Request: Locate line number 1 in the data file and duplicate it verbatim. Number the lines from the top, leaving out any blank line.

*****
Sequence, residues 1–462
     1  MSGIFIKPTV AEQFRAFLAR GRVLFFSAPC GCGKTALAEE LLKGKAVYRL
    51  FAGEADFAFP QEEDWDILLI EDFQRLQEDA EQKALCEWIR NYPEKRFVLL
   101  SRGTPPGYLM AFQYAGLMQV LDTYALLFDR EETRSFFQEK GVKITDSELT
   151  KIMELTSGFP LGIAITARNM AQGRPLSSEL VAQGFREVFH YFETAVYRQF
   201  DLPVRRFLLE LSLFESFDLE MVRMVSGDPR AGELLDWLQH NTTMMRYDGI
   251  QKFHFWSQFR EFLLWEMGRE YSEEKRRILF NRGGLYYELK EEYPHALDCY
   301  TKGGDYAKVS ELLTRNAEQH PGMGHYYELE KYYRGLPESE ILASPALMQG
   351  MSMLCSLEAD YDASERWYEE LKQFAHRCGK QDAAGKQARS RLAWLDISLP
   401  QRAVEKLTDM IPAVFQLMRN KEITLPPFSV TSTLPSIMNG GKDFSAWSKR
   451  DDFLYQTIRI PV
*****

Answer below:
Sequence, residues 1–462